If you have never attended a wine tasting before, you are in for a treat. While you won't be able to impersonate a sommelier during your first tasting, you will be able to fit in with the crowd if you follow the tips outlined below. Use this cheat sheet for your initial wine tasting experience(s) and you won't reveal yourself as a green newbie who is ignorant about the world of wine. While you don't have to pose as a wine aficionado, arriving to the wine tasting armed with this preliminary knowledge will help you assimilate to the crowd and the atmosphere of the event.
Give It a Good Look
While everyone is capable of lifting a glass of wine to their lips, few have developed a highly refined palate and the ability to recall specific wines. The manner in which you taste wine really does matter. Don't merely grab for a glass and lift it to your lips without pause. Take a moment to look at the wine's hue, viscosity, and opacity. This should take only a few seconds but every glass of wine is worth inspecting.
Raise the Glass to Your Nose
Take the time to smell each glass of wine before sipping. Try to identify at least two distinct flavors. Don't rush through this process. Consider all of the scents that your nose picks up on and make an effort to distinguish them from one another. Three different types of wine aromas exist. Primary aroma notes like fruits, flowers, and herbs are derived from the grapes. Secondary aromas are created from yeast and fermentation. Tertiary bouquets like nutty aromas and baking spices are generated through the aging and oxidation processes.
After you've inspected and smelled the wine, it is time to taste it. The taste of wine is primarily made up of its flavor and structure. While everyone understands what flavor means, the structural component of wine is not as clear. Structure refers to the amount of sweetness, tannin, acidity, and alcohol in the wine. Also, consider the wine's profile throughout the tasting process. The profile refers to the beginning, middle, and finish. Each wine has a unique impact on your taste buds and nose when it first touches your tongue. The taste then progresses to a climax and an aftertaste once swallowed.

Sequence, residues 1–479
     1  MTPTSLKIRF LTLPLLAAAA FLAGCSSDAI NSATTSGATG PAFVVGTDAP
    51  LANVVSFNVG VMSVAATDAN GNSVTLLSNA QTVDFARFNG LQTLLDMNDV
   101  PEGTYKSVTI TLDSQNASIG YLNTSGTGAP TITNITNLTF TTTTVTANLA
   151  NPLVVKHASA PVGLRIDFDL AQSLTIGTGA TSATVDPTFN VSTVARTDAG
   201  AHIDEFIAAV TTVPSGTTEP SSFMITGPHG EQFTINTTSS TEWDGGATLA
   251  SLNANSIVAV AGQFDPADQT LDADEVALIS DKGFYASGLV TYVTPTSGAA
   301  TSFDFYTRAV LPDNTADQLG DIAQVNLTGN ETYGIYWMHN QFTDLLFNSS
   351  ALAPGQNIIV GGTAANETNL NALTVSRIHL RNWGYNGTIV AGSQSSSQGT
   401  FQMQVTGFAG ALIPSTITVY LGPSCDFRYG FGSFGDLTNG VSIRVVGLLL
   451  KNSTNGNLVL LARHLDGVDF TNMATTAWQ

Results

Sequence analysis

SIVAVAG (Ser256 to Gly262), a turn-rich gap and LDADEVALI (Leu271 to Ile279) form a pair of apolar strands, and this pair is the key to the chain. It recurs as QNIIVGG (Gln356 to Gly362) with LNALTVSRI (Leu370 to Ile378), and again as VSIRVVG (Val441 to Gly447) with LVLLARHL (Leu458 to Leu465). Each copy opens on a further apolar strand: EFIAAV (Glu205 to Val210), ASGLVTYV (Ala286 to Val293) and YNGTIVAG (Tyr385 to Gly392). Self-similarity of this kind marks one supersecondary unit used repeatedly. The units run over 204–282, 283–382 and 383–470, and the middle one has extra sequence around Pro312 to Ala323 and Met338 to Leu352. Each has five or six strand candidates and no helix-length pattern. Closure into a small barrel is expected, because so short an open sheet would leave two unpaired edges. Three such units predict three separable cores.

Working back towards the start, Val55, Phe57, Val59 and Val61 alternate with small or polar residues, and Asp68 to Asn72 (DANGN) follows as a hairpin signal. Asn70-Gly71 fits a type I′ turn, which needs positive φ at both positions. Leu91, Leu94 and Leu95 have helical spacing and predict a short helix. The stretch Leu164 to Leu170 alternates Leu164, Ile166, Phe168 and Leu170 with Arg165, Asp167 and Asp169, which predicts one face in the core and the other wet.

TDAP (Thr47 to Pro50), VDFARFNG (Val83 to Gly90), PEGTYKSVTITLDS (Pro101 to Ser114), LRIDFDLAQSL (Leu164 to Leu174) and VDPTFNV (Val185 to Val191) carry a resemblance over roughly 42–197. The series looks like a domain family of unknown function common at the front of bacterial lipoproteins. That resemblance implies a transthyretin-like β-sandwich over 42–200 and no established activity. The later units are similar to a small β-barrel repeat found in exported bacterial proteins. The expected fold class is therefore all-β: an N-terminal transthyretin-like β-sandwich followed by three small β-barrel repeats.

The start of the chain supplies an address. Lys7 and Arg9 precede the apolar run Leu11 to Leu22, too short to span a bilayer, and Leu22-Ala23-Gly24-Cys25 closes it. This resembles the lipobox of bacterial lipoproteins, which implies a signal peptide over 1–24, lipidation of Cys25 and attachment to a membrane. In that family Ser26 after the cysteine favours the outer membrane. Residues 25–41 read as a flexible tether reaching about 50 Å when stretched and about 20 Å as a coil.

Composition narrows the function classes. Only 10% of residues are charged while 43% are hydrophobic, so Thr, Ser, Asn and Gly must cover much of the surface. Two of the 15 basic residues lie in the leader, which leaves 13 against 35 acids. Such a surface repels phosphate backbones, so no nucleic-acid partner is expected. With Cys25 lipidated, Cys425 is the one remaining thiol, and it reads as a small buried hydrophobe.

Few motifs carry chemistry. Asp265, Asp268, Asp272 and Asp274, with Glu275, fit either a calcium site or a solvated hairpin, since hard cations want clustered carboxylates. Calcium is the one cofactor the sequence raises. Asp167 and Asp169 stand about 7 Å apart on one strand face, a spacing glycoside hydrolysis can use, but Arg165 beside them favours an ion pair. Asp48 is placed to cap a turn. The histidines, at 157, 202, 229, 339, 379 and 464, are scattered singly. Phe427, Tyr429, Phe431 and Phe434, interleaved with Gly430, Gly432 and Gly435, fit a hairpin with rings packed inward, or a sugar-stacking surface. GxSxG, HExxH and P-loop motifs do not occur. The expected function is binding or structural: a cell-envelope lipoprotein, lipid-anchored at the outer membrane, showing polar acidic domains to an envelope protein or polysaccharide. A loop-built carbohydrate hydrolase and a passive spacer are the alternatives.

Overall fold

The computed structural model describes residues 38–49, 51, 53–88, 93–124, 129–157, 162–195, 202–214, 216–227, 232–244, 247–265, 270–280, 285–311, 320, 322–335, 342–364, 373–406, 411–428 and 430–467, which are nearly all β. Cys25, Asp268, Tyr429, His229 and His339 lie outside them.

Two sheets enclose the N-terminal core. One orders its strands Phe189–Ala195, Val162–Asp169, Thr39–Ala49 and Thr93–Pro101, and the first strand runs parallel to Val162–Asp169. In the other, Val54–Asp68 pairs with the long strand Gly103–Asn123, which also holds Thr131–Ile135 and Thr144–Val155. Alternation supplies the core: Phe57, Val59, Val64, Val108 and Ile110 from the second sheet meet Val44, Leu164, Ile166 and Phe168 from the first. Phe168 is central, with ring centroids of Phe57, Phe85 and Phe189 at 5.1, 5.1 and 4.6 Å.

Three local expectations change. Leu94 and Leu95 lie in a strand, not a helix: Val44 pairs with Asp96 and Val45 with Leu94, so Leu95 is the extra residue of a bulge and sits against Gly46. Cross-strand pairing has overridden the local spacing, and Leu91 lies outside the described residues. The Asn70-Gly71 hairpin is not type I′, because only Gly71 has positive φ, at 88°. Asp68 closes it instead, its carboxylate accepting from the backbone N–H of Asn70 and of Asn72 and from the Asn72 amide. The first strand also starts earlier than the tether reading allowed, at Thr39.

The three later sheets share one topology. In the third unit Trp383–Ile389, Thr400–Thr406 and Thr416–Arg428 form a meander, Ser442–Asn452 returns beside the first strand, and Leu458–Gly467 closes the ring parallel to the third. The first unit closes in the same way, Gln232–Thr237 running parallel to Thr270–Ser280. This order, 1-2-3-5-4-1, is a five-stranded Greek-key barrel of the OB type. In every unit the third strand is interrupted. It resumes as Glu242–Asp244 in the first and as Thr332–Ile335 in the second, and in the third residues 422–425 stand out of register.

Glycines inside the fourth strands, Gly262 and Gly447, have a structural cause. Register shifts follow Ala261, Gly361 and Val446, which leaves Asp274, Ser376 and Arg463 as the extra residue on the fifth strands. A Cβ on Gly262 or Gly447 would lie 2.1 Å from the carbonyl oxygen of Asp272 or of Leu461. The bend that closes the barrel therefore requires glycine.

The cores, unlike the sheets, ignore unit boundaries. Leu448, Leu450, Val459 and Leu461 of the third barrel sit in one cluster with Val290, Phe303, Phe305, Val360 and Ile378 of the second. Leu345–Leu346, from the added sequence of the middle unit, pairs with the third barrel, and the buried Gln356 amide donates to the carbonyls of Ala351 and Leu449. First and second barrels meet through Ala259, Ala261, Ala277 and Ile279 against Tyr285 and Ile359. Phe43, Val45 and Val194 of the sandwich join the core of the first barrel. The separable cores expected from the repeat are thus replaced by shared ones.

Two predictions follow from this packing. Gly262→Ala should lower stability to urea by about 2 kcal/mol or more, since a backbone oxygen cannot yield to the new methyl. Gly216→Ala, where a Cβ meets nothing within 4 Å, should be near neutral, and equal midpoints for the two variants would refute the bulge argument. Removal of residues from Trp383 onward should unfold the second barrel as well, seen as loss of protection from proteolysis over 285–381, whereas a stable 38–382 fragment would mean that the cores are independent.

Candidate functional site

Once you have looked, smelled, and tasted, you have enough evidence to form a solid opinion of each wine that you sample. Determine if the wine is well balanced or heavily skewed toward a certain flavor or structural component. Perhaps there is a specific characteristic of the wine that really made an impact on you. Take a moment to reflect on each wine before verbalizing an opinion in front of your fellow wine tasters.
Enjoy Your Favorite Wines at Pascal
Pascal is proud to serve a new casual dining wine and cheese menu. Drop on by after you have experienced your first wine tasting and enjoy our bistro style entrées with a glass of wine. If you are concerned about wine pairing, do not fret. Our chefs have prepared a list of recommended wine pairings in case you are not sure which is the perfect match for the small plate or entrée that you have in mind. No reservations are necessary. Just drop on in after 5 PM, Monday through Saturday.